Like its major rivals like SABMiller, Carlsberg and Interbrew, Heineken has been strengthening its positions in more mature beer markets over the last few years (with the recent acquisition of Hoepfner in Germany, for example), as well as moving into major emerging markets such as China and Russia.
But the Dutch firm has also been one of the few beer makers to invest in lesser markets, with acquisitions in Costa Rica, Nicaragua, Panama, the Lebanon and Egypt over the last few years.
Africa has been a particularly appealing market for Heineken over the years - indeed, its presence there dates back to the early years of the 20th century - and the latest move by the brewer sees it increase its stake in one of its major investments there.
Heineken has increased its stake in Consolidated Breweries from 24 per cent to 50.05 per cent after reaching an agreement to buy out an unnamed fellow shareholder for an undisclosed sum.
Consolidated Breweries has a 9.5 per cent market share in Nigeria and is the number three brewer in the domestic beer market with a turnover of €40.5 million. Although it brews Heineken's French brand 33 Export under licence, Consolidated's main focus is on the low-price segment of the market, where it sells around 965,000 hectolitres a year.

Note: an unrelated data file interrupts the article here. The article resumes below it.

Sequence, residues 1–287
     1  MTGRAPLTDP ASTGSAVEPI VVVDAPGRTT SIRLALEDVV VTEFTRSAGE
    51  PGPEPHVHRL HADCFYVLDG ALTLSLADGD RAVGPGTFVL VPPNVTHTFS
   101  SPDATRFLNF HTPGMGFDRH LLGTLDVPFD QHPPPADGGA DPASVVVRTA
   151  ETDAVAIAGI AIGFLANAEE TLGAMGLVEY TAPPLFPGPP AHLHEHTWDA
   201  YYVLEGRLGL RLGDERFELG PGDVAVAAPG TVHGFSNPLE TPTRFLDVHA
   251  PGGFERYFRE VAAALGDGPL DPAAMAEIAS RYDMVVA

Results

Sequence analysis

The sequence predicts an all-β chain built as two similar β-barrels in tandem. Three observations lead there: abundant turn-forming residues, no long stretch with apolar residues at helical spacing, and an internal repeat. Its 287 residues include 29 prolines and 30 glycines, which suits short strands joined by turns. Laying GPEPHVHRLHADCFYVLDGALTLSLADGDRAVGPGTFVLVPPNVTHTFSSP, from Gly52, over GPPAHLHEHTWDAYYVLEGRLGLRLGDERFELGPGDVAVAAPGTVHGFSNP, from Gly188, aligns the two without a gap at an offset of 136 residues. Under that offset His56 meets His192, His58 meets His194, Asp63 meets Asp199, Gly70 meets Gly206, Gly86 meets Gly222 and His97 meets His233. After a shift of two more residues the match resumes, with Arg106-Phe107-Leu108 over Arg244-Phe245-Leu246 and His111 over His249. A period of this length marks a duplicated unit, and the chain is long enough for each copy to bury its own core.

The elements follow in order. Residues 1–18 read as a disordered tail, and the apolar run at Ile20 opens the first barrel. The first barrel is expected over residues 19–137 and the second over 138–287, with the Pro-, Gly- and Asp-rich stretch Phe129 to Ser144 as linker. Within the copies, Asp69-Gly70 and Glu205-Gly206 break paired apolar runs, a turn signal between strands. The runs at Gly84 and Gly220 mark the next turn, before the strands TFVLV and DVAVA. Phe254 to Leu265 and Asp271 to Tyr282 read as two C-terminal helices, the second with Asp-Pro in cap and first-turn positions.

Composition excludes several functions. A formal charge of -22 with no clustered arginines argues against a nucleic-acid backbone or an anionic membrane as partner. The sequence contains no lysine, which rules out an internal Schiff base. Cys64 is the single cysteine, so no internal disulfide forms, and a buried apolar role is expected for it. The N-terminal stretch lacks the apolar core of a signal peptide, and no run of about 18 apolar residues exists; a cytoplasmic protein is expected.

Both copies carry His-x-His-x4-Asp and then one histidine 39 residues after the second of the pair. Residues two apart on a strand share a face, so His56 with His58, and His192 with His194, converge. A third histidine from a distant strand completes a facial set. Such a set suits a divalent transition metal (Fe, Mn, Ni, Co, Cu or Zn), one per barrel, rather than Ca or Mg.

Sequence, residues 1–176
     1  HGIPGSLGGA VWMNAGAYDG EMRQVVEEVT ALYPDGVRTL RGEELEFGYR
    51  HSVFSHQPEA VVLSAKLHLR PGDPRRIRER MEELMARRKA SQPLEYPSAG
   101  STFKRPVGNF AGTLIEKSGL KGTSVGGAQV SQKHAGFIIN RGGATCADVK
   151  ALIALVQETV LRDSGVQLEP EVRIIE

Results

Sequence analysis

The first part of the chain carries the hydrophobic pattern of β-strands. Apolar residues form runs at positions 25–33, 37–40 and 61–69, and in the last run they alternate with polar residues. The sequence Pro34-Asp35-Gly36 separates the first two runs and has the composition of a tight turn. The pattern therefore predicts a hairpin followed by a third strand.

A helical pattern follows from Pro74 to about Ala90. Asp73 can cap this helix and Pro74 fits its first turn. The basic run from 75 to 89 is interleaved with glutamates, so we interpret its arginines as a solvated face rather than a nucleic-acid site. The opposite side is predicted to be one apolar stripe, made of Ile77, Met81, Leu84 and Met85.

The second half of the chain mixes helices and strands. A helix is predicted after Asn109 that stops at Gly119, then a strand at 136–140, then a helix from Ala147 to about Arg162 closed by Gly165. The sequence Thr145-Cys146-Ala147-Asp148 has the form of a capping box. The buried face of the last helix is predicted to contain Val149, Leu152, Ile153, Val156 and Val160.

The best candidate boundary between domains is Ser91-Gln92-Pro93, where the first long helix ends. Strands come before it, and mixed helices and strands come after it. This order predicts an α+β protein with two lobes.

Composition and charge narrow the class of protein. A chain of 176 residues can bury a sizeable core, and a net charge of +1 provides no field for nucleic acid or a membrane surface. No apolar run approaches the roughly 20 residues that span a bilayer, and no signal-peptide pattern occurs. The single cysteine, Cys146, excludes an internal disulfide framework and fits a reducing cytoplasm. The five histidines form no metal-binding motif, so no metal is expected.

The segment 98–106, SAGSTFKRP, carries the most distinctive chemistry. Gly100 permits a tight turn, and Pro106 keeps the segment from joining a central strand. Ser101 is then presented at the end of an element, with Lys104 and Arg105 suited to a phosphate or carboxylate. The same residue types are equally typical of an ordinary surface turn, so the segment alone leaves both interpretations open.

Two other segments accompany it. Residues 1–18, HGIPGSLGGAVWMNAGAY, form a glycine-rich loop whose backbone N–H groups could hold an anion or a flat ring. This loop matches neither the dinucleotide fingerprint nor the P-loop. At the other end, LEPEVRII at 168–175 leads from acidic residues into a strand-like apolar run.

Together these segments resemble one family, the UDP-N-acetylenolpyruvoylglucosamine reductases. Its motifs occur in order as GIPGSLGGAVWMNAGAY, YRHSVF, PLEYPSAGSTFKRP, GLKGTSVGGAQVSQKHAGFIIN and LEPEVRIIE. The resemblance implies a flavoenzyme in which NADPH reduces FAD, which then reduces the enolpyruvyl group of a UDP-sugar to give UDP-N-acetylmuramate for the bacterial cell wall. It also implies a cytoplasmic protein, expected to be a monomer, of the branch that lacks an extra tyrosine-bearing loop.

As such, it is an excellent fit with Heineken's other Nigerian business, Nigerian Breweries, in which the Dutch group owns a 54.2 per cent controlling stake. This company is focused on the premium end of the market, with a broad portfolio of international and local brands, including Heineken and Amstel.
But Nigerian Breweries has a 56 per cent market share, with sales of 5.7 million hectolitres in 2003, raising the possibility of competition concerns following the acquisition of Consolidated.
Nigeria is Africa's number two beer market (after South Africa), with sales of around 10.2 million hectolitres in 2003, according to Heineken. As the undisputed market leader, the Dutch company is well placed to benefit from the expected 3 per cent increase in the market over the next few years.